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Arts & Life

Film Review: How College Campuses Became 'The Hunting Ground'

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Andrea and Annie, two students at the University of North Carolina, couldn't have had a worse college bonding experience. During their freshman year, both were sexually assaulted. The trauma united them to speak out about how badly sexual assault victims are treated on U.S. college campuses.

Subsequently followed across the country by Kirby Dick and Amy Ziering, the director and producer of the startling new documentary The Hunting Ground, the young women manage to amass an army of like-minded survivors.

Dick and Ziering open the film with anonymous students’ joyous reactions upon learning they’ve been accepted into their chosen colleges. Scenes of freshman orientation events at campuses across the country follow, but the tone of the film abruptly changes. One after another, dozens of young women (and three men) introduce themselves and speak in generalities about their collective sexual assaults. According to estimates, one out of every five female students is sexually assaulted while in college — but experts believe most women don't report their assaults, so the numbers could be much higher. Annie recalls how, after her assault, she didn’t have a clue what her next steps should be — she ended up Googling “how to report a rape at UNC.”

The film's endless stream of stories from Harvard to Berkeley pulverizes the senses. Rape and sexual assault appear to be happening everywhere, but there’s no uniformity as to how cases are handled. During one period, Stanford logged 259 reports of sexual assault — but only one person was expelled. Students are repeatedly discouraged from reporting the crimes to the police, lest word get out to potential students and/or donors that the school is dangerous.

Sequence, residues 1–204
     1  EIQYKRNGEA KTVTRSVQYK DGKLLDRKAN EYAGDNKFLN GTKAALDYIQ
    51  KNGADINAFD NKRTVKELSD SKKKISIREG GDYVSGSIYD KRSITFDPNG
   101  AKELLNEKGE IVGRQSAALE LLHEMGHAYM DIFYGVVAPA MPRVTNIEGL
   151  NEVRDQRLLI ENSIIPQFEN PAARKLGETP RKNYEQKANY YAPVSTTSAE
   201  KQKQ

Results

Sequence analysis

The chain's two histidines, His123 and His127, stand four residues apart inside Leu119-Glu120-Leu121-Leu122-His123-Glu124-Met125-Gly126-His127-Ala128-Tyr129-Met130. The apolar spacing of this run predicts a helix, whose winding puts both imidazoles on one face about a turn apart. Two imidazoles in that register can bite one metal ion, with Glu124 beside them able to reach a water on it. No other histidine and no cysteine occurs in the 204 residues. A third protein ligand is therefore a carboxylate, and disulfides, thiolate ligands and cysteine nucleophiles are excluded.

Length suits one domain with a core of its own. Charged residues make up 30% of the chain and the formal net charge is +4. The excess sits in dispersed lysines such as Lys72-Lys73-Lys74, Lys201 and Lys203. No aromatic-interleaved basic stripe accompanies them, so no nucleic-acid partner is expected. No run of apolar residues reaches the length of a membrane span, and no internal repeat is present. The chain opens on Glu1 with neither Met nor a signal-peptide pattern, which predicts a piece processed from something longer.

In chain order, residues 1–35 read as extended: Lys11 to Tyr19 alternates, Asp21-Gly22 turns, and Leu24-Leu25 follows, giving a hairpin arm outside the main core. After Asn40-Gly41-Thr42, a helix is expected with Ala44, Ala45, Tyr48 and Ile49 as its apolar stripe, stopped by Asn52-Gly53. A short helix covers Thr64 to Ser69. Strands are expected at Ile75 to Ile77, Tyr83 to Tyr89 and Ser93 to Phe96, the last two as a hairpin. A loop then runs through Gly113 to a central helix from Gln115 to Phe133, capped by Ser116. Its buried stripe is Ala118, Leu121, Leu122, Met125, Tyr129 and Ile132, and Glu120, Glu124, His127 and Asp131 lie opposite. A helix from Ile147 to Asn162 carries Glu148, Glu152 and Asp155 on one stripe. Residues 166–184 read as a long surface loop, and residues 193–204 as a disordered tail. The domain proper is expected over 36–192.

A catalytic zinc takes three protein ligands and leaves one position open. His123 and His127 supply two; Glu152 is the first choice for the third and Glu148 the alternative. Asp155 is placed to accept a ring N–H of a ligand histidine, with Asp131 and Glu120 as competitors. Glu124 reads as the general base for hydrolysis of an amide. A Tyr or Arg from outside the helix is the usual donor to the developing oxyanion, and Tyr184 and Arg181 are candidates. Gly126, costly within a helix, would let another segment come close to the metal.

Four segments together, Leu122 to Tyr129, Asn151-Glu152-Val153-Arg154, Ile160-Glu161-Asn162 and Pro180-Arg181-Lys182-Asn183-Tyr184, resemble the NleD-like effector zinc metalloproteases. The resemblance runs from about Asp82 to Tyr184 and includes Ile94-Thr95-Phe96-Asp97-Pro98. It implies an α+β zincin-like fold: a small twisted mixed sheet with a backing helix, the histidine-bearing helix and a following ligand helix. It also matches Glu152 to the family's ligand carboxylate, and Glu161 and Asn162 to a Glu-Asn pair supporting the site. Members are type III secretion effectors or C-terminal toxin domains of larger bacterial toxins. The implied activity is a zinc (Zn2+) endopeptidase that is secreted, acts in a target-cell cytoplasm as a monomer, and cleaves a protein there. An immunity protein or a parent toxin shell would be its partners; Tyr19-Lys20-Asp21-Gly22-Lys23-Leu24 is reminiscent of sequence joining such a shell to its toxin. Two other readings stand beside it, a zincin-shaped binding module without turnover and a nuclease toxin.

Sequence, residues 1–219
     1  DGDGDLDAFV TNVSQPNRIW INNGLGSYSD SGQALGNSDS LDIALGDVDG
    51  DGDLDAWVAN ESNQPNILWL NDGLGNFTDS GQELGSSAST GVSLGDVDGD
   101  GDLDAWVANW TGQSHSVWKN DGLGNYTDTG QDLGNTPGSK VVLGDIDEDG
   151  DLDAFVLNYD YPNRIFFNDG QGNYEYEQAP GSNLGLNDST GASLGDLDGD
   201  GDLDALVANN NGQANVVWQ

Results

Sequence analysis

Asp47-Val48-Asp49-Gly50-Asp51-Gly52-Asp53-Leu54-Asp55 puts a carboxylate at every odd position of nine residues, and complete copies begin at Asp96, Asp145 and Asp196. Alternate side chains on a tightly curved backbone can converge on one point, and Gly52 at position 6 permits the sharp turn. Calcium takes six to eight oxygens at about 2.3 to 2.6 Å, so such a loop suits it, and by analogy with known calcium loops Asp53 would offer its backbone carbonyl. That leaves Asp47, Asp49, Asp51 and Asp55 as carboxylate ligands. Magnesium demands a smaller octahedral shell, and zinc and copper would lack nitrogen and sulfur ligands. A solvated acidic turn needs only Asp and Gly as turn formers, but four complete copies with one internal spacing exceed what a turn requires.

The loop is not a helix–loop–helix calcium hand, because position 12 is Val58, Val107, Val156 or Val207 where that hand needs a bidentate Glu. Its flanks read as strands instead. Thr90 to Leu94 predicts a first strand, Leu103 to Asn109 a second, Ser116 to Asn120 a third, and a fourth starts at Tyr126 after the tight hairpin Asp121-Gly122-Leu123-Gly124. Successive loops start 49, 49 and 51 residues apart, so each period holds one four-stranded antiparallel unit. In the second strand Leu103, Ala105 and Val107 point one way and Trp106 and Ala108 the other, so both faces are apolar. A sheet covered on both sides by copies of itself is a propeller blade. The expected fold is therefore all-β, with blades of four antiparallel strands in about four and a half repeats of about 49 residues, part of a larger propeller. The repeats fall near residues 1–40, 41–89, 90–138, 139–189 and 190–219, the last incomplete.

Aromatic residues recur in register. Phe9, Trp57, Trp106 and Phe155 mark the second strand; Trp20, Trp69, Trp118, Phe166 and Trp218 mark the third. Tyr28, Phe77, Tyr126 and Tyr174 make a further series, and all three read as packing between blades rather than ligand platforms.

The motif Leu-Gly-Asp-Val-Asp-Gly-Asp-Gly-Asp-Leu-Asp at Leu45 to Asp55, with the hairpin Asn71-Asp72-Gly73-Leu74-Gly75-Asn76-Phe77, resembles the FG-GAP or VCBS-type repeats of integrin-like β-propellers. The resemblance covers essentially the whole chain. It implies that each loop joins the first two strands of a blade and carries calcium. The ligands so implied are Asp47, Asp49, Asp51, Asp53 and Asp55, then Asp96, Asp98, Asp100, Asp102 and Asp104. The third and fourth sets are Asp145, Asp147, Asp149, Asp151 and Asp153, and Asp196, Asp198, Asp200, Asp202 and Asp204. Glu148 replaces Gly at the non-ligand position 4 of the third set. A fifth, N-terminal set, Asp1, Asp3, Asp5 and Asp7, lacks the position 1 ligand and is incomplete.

Social media becomes a source of more trauma for the victims who speak out. “I hope you die screaming,” reads one tweet; another says, “Fuck you and your cult of victimhood.” And should the alleged rapist be an athlete — 4 percent of college men are athletes but 19 percent of sexual assaults are committed by them — he is probably going to be kept on the team until sports season is over.

The Hunting Ground concludes with some much-needed uplift. Footage of demonstrations aiming to raise sensitivity among students and faculty are attended by men as well as women. Andrea and Annie discover that legal challenges are possible due to Title IX language about hostile environments. And as they continue their campaign, they're joined by advocates who, by allowing their faces to be filmed and stories to be told, are finding their voices sometimes years after their rapes.

The Hunting Ground | Dir. Kirby Dick | 103 minutes | Rated PG-13 | Glenwood Arts, 3707 West 95th Street, Overland Park, 913-642-1133. The April 10 screening will be followed by a question-and-answer session with students from the University of Kansas who have been working to reform sexual assault policies at the school. Associate Producer Ian Rose, originally scheduled to participate, will be unable to attend.

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